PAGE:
Don’t miss the opportunity to visit Caldas de Monchique. Caldas simply means spa. Nestling in a steep wooded valley the quiet little spa of Caldas de Monchique is the antithesis of the Algarve’s brash seaside resorts. It has been used since Roman times and in the 19th century Caldas became a favourite of the Spanish and Portuguese bourgeoisie. The spa gushes out approximately 20 million litres of water per year, which emerges at a temperature of around 32 degrees centigrade. Visitors can taste the waters for free and below the tasting area is the thermal hospital where visitors come for treatment of rheumatism and respiratory illness, among other ailments.
Silves - the former capital of the Algarve
Rising up on a hill on the edge of the Monchique Mountains, Silves is on the northern bank of the Arade River, the main cause of both the city’s moments of splendour and its decline.
Silves is described by the 12th century geographers as sumptuous and composing and compared in grandeurs with cities like Lisbon, Seville and Cordoba. And it was during the Arab occupation that Silves became an important economic, social and above all cultural centre, becoming justifiably known as “the cradle of Arab-Andalusia poetry”.
In Silves it is possible to witness a very rich cultural past with memories preserved that are not eroded by time and that enrich the present. The principal monuments of the city date from the period of the Arab occupation, outstanding among which is the castle, an important military fortification, one of the most beautiful and well preserved of the country, and the Almóada cistern and well, unique in the world, which is located in the Municipal Archaeological Museum. It was due to D. Sancho I, King of Portugal and the Algarve, that Silves was taken from the Moors in the 12th century, after a siege of one and a half months during which the son of D. Afonso Henriques (the first King of Portugal) put into practise a cunning plan to cut off the water supply from the besieged Muslim troops. It is this feat, the reconquest of Xelb, then capital of the Moorish kingdom, that is commemorated by the statue of the monarch in Silves castle.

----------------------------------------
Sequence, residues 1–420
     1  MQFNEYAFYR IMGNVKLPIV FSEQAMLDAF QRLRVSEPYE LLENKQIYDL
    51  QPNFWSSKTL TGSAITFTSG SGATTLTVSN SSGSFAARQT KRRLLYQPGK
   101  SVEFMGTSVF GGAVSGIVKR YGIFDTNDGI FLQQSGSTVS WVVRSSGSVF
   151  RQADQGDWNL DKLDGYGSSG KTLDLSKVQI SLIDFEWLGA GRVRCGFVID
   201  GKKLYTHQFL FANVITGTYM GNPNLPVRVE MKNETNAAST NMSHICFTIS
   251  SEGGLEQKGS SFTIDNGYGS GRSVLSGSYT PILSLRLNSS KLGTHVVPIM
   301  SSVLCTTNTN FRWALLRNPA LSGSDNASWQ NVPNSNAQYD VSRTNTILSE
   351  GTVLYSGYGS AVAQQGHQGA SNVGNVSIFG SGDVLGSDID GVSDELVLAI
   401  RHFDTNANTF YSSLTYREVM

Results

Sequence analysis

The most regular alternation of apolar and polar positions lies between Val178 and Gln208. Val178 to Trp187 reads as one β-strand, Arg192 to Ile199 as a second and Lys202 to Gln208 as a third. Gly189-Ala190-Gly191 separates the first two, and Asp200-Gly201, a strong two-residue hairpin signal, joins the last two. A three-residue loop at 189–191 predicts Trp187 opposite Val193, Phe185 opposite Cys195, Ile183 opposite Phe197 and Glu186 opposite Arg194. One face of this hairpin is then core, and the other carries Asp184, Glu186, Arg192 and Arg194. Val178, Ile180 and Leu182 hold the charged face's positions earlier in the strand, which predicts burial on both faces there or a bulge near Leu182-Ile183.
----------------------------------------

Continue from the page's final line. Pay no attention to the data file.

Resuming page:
The customs and habits of the past can still be observed in the crafts of weaving and basket-work carried out by people in the parish and which keep the olds kills and traditions alive. To recapture the great tradition of the cork industry, you can visit the Cork Museum inside the “Fábrica do Inglês” (Factory of the Englishman). It is a very welcoming place which hosts shows and different types of entertainment throughout the year. Events are organised all year round, representing all the different forms of artistic expression. There are exhibitions and concerts, fairs and historical walks. During the summer months, shows take place in the open air, with the city and its monuments as a backdrop. In the hills around Silves, there are excellent opportunities for exploring the countryside on foot, by bicycle or in off-road vehicles. The “Centro Cinegético” is a pleasant place in which to see animals and be close to nature. And on the River Arade, there are opportunities for activities such as rowing and canoeing.